January 15, 2019

New GAO Report Reveals Key Areas for Improving Critical Patient Record Matching Across Health Providers

Report confirms importance of accurate patient record matching for patients' health, safety, and privacy and recognizes the need for additional research to improve health care quality and use of resources

Text of the Report (PDF)

Washington, DC - United States Senator Elizabeth Warren (D-Mass.) announced the release of a new report today from the Government Accountability Office (GAO) revealing a number of key areas for improving patient record matching across U.S. health care providers. Titled "Approaches and Challenges to Electronically Matching Patients' Records across Providers," the study is the result of a provision coauthored in 2016 by Senator Warren, along with Senators Orrin Hatch (R-Utah), Sheldon Whitehouse (D-R.I.), Tammy Baldwin (D-Wis.) and Bill Cassidy (R-La.), in the 21st Century Cures Act (Section. 4007).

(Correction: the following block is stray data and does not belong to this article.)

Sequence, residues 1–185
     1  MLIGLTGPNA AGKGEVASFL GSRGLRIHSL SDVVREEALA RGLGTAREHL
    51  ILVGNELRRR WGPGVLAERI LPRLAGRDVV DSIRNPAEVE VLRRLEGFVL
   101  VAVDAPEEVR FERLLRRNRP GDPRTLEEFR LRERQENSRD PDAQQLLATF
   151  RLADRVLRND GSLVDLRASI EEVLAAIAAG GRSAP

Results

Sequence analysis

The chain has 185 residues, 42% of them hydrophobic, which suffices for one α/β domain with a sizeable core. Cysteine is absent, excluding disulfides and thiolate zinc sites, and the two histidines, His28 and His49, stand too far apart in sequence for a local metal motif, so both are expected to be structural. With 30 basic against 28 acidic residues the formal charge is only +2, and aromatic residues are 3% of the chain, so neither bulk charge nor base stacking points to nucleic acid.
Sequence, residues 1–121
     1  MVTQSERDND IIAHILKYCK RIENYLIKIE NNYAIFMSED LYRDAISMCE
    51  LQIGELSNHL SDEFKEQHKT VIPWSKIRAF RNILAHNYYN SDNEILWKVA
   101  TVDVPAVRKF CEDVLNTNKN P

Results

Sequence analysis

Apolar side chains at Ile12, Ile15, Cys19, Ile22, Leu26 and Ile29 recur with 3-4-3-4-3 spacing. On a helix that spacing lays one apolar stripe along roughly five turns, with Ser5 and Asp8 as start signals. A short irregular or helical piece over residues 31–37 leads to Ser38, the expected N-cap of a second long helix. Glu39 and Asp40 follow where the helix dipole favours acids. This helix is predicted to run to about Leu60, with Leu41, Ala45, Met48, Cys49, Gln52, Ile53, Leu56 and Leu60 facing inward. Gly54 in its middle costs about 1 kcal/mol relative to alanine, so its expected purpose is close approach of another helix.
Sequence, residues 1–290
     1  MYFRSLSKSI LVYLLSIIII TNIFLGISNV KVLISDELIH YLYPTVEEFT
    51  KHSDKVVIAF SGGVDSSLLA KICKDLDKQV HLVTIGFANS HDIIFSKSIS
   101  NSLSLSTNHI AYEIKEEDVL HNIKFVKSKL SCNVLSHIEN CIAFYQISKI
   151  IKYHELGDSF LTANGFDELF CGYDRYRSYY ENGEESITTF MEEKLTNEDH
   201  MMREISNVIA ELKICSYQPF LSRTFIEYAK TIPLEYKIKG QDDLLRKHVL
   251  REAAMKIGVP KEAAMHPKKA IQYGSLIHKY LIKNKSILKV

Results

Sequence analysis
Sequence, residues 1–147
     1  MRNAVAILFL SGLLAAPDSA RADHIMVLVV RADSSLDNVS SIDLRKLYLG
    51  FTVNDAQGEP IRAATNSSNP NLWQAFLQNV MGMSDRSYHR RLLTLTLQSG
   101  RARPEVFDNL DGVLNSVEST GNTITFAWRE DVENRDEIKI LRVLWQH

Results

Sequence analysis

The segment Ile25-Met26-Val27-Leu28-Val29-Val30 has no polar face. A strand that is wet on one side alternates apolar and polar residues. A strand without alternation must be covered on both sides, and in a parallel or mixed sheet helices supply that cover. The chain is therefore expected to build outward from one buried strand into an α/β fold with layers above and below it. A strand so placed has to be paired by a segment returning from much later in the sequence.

Additionally, in October 2017, the Senators sent a letter asking that GAO consider a number of specific issues impacting patient record matching as the GAO began this study. Patient record matching allows health care professionals to match patients to their medical records between health systems or within the same system. However, patient misidentification can lead to inadequate, inappropriate, and costly care and even contribute to patient harm or death.

The report confirmed that accurate patient record matching is critical to patients' health, safety, and privacy and identified key recommendations for improved matching to be taken by the federal Office of the National Coordinator for Health Information Technology (ONC) and other stakeholders. These include implementation of common data standards, sharing of best practices, a national unique patient identifier, and public-private collaboration.

"GAO's report shows that better patient record matching across providers will improve patient care and help bring down health care costs." Senator Warren said. "ONC and stakeholders should take steps identified in the report to improve the quality of patient health data."

In health care settings, correct patient record matching allows providers to share patient information when appropriate, and can improve the quality of health care and more efficient use of resources. The American Hospital Association found that 45 percent of large hospitals had difficulties with patient record matching.